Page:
Leopold I, King of the Belgians (1790-1865)

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– Leopold R

First Marriage

Leopold Georg Christian Friedrich was born at Ehrenburg Palace, Coburg, on 16 December 1790 and was the youngest son of Francis, Duke of Saxe-Coburg-Saalfeld, and Augusta of Reuss-Ebersdorf.

At the age of five, Leopold was given an honorary commission as colonel in the Izmaylovsky Regiment, part of the Imperial Guard of the Russian Army. Seven years later, he received a promotion to the rank of Major General and then pursued a military career in the Imperial Russian cavalry during the Napoleonic Wars. Leopold distinguished himself at the Battle of Kulm and he reached the rank of lieutenant general by the age of twenty-five.

In 1814, Leopold met Charlotte of Wales, the daughter of the Prince Regent, at a party in the Pulteney Hotel, London, and they soon became besotted with each other. Charlotte was engaged to William, Hereditary Prince of Orange, but she had no real desire to marry him and was being forced into it by her father. When William expressed his dislike for Charlotte’s mother, the princess took the opportunity to break the engagement and her furious father isolated her at Cranbourne Lodge. Charlotte was desperate to marry Leopold but the Prince Regent would not even consider it as he considered Leopold too poor and too low-ranked to marry his daughter.

The Prince Regent finally agreed to meet Leopold in February 1816 and he was so impressed with the young prince, he agreed to the marriage. The betrothal was formally announced on 14 March and Leopold was granted British citizenship as well as an annual pension of £50,000. The marriage took place on 2 May 1816 at Carlton House, London, and the newlyweds became popular with the public. Charlotte fell pregnant quickly after the wedding but it ended in a miscarriage. A further pregnancy was announced the following year, however Charlotte gave birth to a stillborn son and died herself the following day, plunging the nation into a deep depression.

Charlotte’s death sparked a succession crisis as she had been the only legitimate grandchild of George III and her unmarried uncles were obliged to find suitable brides to provide an heir to the throne. Before her death, Charlotte had urged her uncle, Edward, Duke of Kent, to marry her new sister-in-law, Victoria of Saxe-Coburg-Saalfeld, who was a widow with two small children. Edward and Viktoria did marry and their daughter, Alexandrina Victoria, would take Charlotte’s place as heir to the throne. Leopold would have a great deal of influence over his niece and would have a hand in arranging her marriage to his nephew, Albert of Saxe-Coburg and Gotha.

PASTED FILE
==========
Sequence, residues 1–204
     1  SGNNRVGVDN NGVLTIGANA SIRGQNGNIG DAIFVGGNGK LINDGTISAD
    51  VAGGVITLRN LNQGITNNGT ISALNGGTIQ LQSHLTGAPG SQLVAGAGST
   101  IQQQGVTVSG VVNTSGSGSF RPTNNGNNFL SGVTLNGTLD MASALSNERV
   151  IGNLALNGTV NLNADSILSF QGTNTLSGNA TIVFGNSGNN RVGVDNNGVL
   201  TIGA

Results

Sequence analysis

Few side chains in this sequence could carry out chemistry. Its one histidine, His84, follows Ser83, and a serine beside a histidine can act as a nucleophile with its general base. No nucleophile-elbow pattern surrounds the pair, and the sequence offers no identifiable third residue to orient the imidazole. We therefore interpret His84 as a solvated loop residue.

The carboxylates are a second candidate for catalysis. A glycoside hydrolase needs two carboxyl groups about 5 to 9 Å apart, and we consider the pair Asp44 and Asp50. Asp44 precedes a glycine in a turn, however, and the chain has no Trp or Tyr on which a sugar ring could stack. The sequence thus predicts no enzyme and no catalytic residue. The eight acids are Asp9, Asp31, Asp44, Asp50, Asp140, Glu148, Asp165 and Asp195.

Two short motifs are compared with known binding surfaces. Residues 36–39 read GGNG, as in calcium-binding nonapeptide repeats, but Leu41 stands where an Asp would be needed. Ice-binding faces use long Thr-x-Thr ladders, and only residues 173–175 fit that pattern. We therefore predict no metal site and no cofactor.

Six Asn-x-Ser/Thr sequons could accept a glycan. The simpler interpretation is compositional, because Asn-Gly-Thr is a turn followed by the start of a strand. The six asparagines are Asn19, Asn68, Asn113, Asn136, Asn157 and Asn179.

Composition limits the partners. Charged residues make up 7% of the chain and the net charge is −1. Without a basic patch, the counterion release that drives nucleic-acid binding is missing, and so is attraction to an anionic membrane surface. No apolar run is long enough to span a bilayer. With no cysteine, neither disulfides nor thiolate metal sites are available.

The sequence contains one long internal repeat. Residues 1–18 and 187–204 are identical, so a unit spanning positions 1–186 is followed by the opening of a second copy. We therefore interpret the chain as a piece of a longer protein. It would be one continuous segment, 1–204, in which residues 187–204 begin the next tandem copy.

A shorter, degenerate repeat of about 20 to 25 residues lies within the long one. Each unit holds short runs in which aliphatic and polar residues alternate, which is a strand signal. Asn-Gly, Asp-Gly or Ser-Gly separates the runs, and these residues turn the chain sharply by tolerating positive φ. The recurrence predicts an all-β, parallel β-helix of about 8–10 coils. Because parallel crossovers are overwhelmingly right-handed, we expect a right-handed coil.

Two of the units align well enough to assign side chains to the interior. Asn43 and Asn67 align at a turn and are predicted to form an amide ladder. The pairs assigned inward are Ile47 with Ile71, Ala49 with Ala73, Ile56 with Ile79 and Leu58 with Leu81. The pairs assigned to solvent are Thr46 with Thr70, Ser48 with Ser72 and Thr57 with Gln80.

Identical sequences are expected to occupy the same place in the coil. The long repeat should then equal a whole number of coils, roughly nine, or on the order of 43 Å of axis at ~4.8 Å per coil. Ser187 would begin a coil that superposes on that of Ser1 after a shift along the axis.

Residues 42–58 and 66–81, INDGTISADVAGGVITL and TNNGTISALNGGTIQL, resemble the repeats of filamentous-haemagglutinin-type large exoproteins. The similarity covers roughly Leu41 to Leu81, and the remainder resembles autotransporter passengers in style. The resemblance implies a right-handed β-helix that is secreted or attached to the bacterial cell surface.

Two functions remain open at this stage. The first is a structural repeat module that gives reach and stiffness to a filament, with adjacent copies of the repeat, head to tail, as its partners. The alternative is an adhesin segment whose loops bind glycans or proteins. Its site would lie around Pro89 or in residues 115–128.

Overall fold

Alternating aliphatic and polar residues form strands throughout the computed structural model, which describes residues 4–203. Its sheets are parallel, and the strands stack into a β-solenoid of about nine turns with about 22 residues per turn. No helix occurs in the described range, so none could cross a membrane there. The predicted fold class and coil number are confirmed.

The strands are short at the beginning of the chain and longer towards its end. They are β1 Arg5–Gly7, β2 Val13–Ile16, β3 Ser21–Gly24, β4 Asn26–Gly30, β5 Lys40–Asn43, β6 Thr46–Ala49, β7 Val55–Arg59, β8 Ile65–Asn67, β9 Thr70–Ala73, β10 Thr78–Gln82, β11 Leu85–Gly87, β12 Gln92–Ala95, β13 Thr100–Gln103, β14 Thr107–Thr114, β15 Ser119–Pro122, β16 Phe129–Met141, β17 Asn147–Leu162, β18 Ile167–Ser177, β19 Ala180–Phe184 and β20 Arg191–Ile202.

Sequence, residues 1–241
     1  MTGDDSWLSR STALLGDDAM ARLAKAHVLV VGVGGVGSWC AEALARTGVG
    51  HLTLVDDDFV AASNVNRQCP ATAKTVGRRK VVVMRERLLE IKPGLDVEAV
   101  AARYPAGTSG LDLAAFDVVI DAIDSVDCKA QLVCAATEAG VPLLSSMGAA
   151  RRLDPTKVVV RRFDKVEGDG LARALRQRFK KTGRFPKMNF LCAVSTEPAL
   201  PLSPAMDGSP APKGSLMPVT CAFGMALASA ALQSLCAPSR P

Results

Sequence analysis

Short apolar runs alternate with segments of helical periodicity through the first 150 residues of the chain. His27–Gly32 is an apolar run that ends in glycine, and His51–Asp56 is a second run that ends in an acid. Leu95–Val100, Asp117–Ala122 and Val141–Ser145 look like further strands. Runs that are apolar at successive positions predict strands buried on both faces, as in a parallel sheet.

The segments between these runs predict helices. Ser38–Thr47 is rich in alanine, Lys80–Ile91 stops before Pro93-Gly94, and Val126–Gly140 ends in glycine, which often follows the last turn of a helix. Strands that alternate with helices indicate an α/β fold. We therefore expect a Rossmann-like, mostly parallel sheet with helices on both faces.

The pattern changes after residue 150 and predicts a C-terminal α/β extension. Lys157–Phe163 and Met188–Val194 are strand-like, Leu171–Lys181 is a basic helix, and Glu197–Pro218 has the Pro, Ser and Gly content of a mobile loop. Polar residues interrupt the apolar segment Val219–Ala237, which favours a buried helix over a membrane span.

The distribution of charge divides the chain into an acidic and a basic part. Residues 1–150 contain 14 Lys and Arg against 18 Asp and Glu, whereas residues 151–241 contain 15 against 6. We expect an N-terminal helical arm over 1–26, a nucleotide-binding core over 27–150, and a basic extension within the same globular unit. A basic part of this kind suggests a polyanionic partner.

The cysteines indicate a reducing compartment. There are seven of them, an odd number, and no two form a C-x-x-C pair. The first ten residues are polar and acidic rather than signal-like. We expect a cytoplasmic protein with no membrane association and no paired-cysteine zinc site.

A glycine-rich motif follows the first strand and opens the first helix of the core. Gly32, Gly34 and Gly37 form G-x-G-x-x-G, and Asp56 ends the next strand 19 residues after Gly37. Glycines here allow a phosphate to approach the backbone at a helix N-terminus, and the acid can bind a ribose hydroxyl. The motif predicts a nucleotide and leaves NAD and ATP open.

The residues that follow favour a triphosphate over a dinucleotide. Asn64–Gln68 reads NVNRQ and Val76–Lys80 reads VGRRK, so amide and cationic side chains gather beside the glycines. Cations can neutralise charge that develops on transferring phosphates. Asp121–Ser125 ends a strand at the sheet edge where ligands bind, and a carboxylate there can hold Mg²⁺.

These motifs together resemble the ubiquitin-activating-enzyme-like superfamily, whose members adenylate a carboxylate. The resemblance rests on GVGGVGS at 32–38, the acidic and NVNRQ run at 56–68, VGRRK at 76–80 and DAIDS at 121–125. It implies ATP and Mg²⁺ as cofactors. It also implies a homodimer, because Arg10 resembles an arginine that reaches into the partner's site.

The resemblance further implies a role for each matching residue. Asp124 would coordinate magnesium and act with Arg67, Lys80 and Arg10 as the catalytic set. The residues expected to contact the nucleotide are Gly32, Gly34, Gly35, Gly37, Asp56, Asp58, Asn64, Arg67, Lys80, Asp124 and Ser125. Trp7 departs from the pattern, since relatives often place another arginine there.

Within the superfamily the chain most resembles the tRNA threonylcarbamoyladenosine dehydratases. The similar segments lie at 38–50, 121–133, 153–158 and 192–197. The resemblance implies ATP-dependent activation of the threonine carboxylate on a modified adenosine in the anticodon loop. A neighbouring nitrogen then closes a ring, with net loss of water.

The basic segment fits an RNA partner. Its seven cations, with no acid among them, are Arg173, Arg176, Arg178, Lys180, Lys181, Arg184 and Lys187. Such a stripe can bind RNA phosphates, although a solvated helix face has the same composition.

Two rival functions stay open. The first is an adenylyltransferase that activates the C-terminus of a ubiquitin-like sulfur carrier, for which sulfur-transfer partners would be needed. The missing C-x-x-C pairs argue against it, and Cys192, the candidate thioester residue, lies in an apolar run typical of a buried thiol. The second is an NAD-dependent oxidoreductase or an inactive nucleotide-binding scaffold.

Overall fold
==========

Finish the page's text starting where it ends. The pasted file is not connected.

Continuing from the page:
Distraught at the death of his beloved wife, Leopold remained in England and was granted the British style of Royal Highness by Order in Council on 6 April 1818 and he had a longterm relationship with Caroline Bauer, an actress, who bore a striking resemblance to Charlotte. In 1830, Leopold was offered the throne of Greece but after much consideration he turned down the offer. Later that year, the southern provinces of the United Netherlands broke away to form the modern country of Belgium and a search for a monarch began. There were several candidates, including Eugène de Beauharnais, a French nobleman and stepson of  Napoleon Bonaparte; Auguste of Leuchtenberg and Louis, Duke of Nemours, son of King Louis-Philippe. However, all three candidates were French which was viewed with suspicion by the rest of the European powers so a Belgian delegation was sent to London to offer the throne to Leopold.

King of the Belgians

On 21 July 1831, Leopold, while wearing the uniform of a Belgian lieutenant-general, became King of the Belgians. Two weeks after the accession, the Netherlands invaded Belgium but the small Belgian army were completely outnumbered and Leopold pleaded with the French for help. The arrival of the Armée du Nord forced the Dutch to accept a diplomatic mediation but the two countries would continue to bicker until the Treaty of London, recognising Belgian independence, was signed in 1839.

The new Belgian Constitution placed a lot of restrictions on Leopold’s reign which left him unsatisfied and he pushed the ambiguity of the wording as far as he could. However, Leopold had inherited a country facing an economic crisis as Belgian goods were barred from Dutch ports and trading routes were also blocked by the Dutch. The problem was exacerbated when the harvests failed in Flanders and over a third of the population became dependent on poor relief. When revolutions spread throughout Europe in 1848, Belgium was not immune and a number of radical publications appeared threatening to overthrow the monarchy. A wave of Belgian émigrés were encouraged to leave France to march on Brussels on 26 March 1848 but they were quickly disarmed. Leopold offered to abdicate if it was the wish of the people, however things soon calmed down and the country began to recover economically.

After accepting the Belgian throne, Leopold realised he would have to produce an heir so he married Louise-Marie of Orléans (the daughter of Louis Philippe I) on 9 August 1832, and they had four children. Leopold never loved Louise-Marie like he had Charlotte, however they managed to have a content family life despite her extreme shyness. Leopold was widowed again when Louise-Marie died of tuberculosis in 1850 but he never married again. Leopold was not faithful to his wife and he had a longterm mistress, Arcadie Meyer, who bore him two sons.

Leopold died in Laeken, near Brussels, on 10 December 1865, and was interred in the Royal Crypt at the Church of Notre-Dame de Laeken.

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